Biography of Ira L. Turman
Posey County, Indiana Biographies

Ira L. Turman, a physician and surgeon of Cynthiana, Ind., belongs to an old established indiana family rich in historical lore. His greatgrandfather, Benjamin Turman, was of English descent and was born in Virginia, residing for a number of years in Bedford county, of that State, where all of his children were born. He removed to Champaign county, Ohio, remaining there four years, thence to Sullivan county, Indiana, in the year 1810. In the year 1806 Mr. Benjamin Turman had, with a small party, explored the country on the Wabash near the mouth of what afterwards was called Turmanís creek, but at that time a settlement seemed too hazardous an undertaking. Four years later, on returning to the Wabash valley, he left his family at Carlisle, where a settlement had been made, while he, with his sons and a few soldiers, built a fort on the prairie where he had decided to locate his home. From that time the prairie, the creek, which joins the Wabash at that point, and the township took his name. He brought with him from Ohio his farm implements, furniture and a considerable number of horses, cattle and hogs. These were the first hogs in this section of the country and they were capable of subsisting on the natural products of the soil. The Indians still frequented the locality and sometimes were cross and impudent. This did not deter Mr. Turman from the purchase of a large tract of land from the government in 1816. He had the first dairy and first fruit tree nursery in that part of the State, and some of the trees planted nearly 100 years ago are still standing, one apple tree measuring three feet and three inches in diameter. He lived to see peace restored between the United States and England and the Indians driven from the Wabash Valley. His death occurred in his spacious dwelling, built of hewed logs, in 1818. Thomas Turman, the grandfather of our subject, was born in Bedford county, Virginia, August 18, 1796, and his wife, Susannah Lavina (White) Turman, was born in Roane county, Tennessee, November 1, 1801. They were married January 27, 1818, her grandfather, the Rev. Hezekiah James Baich, performing the ceremony. Rev. Baich was appointed on May 20, 1775, on a committee of three to draft and revise what was known as the Mecklenberg Declaration, which was the first Declaration of Independence made in America, and which was sent to the President of Congress in Philadelphia by Capt. James Jack. The Turmans produced large quantities of corn, for which there was no market nearer than New Orleans, and it is said that they were the first to propose transportation to that point by means of flat boats of home construction. Thomas Turman was one of the first to make the perilous journey, and opened tip a trade that meant so much to the settlers all along the rivers and streams leading to the Mississippi from that time until the coming of railroads. The Wabash, Ohio and Mississippi rivers had many hidden rocks, dangerous sand bars and imbedded logs of immense size, which added greatly to the perils of the voyage, which often required months to make. However, Mr. Turman carried on a successful freighting business for many years, always accompanying his boats personally and superintending the sales of goods. In his absence his wife conducted the farming operations with such energy and good judgment that an ample crop was always awaiting transportation. On one of these trips he was gone so long that he was given up for lost, but returned just after the birth of a son, who was named Return Jonathan, and who was the father of Dr. Ira L. Turman, of this record. Thomas Turman died June 30, 1863, and his wife died March 28, 1875. Return Jonathan Turman was born July 6, 1837, attended the common schools and when old enough to do so he farmed and raised stock on Turman's prairie, where he still resides. He was married April 3, 1864, to Perlina A. Wible, and to them were born twelve children, our subject, Ira L., being the third. The family are distinguished for great natural musical ability. The wife and mother died February 2, 1890. Dr. Ira L. Turman was born at Graysville, Ind., February 13, 1869, and was raised a farmer boy. After finishing the common schools he attended the Union Christian College at Merom, Ind., after which he taught school for one year and then began the study of medicine under Dr. J. L. Durham, of Graysville. He entered the medical department of the University of Louisville, Ky., graduating with the degree of Doctor of Medicine in 1894. In May of that year he located for the practice of his profession at Cynthiana, where he has since remained and enjoys a lucrative practice. Dr. Turman belongs to the Posey County and Indiana State societies, and the American Medical Association. He was president for one year and secretary for two years, 1910-1911, of the Posey County Medical Society. He is a member of the Modern Woodmen of America. The first marriage of Dr. Turman was on August 22, 1895, to Miss Agnes Bixier, daughter of Benedict R. and Martha (Boren) Bixier, natives of Vanderburg county, where they were engaged in farming and stock raising. Agnes Bixier was born and raised in Vanderburg county. She attended common and high schools and graduated from the normal school at Princeton, after which she taught several terms in the rural schools prior to her marriage. They had one child, Claud Kenneth, born December 14, 1896, a graduate of the Cynthiana High School, class of 1913, and now a teacher. The first wife died on October 26, 1904. On March 15, 1906, Dr. Turman married Grace Bixler (nee Emerson), daughter of John W. and Ellen (Yeager) Emerson, natives of Gibson county, where Grace Emerson was born and reared. She was a student of the Union Christian College at Merom, Ind. Mrs. Turman had one child by her first marriage, David Clair Bixier, born July i6, 1904. Dr. and Mrs. Turman have two children, Robert E., born February 2, 1908, and Agnes Lucile, born February 4, 1912. The Turman family are members of the Christian church.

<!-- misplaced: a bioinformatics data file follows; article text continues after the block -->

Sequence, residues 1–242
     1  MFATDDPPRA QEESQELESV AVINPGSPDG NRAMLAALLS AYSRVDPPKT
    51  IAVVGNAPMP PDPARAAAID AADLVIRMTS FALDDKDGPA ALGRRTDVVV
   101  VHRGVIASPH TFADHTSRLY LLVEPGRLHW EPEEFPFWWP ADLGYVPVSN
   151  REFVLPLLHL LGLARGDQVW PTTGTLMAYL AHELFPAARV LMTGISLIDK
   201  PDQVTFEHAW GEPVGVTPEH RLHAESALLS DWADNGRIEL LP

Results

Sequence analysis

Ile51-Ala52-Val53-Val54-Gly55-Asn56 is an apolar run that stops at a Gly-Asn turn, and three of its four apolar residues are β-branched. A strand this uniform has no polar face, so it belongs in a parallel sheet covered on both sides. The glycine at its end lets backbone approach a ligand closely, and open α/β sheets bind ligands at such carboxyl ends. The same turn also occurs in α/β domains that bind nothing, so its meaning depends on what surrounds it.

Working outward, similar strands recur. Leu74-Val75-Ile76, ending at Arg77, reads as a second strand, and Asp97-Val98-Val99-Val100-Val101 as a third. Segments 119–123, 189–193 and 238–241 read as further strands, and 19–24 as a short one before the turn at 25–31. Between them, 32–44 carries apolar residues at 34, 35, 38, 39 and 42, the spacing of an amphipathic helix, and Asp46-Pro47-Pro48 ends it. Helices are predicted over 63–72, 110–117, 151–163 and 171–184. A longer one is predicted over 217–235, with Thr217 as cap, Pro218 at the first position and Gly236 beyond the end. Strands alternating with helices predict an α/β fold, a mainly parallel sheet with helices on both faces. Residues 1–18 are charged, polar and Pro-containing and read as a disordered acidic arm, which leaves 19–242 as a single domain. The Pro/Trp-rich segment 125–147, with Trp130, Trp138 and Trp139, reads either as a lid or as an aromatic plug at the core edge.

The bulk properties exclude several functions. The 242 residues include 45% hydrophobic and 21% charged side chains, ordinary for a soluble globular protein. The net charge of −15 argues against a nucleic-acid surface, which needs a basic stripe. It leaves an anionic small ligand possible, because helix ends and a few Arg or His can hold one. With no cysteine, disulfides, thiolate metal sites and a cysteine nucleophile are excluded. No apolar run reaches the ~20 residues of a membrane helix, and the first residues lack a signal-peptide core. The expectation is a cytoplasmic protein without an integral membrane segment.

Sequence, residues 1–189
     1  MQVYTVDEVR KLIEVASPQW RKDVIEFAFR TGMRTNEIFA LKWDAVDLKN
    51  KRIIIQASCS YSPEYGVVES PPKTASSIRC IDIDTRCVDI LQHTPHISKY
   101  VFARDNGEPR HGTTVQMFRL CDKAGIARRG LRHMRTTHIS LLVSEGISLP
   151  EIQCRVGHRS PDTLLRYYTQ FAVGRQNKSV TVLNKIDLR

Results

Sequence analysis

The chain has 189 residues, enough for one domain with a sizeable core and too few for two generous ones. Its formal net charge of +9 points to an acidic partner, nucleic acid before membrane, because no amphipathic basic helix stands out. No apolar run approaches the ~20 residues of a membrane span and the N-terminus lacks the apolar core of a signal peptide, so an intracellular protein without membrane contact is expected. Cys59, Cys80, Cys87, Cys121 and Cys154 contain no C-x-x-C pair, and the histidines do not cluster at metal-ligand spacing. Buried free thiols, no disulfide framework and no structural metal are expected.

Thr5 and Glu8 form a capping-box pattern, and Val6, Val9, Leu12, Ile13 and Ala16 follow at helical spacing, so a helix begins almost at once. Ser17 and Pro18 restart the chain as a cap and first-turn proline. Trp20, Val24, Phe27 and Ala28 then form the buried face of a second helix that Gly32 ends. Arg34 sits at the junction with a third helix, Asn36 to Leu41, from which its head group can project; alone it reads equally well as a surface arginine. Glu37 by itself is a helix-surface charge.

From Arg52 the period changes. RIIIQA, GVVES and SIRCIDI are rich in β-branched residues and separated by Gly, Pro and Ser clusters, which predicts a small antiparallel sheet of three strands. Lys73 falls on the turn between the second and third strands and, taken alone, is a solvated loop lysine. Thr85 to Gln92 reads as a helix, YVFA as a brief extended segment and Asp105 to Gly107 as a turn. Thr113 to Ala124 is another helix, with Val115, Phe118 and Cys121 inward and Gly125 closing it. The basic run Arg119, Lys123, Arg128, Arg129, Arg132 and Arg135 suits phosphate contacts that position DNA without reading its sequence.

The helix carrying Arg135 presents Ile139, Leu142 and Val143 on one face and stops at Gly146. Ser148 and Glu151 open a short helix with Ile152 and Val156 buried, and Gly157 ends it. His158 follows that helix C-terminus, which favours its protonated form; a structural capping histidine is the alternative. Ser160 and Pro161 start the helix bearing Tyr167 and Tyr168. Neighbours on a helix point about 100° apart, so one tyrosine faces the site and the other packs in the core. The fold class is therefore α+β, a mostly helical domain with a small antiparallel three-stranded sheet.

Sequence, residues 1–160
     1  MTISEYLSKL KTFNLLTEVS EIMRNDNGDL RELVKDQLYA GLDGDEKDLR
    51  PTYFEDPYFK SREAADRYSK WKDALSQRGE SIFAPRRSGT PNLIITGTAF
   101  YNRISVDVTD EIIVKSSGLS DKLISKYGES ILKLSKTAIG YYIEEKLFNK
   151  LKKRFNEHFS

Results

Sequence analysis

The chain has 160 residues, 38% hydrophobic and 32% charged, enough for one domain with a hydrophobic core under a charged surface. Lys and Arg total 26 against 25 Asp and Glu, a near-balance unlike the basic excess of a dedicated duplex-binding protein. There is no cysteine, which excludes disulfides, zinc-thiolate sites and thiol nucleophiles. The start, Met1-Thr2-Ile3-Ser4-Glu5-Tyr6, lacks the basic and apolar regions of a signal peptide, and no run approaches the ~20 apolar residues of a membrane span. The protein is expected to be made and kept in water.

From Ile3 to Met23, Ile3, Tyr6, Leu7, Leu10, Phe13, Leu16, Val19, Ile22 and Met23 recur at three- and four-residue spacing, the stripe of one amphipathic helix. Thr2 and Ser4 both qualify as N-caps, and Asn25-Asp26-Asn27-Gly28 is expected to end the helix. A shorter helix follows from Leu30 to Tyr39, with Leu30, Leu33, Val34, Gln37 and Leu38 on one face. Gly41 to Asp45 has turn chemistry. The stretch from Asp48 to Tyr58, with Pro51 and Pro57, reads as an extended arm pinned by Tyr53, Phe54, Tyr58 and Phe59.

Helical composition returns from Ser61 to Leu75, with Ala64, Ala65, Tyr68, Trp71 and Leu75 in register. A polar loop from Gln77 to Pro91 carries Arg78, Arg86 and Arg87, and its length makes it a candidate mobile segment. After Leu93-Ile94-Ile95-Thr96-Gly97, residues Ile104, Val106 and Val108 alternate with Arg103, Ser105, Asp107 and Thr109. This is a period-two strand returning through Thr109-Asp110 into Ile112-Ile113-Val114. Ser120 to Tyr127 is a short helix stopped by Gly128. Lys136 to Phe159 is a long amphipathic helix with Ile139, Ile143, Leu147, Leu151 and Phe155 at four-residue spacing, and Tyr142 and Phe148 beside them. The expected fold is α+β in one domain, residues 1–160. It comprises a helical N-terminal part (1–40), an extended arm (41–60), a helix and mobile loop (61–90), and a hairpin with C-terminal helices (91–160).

History of Posey County, Indiana
John C. Leffel, Editor
Standard Publishing Company
Chicago 1913.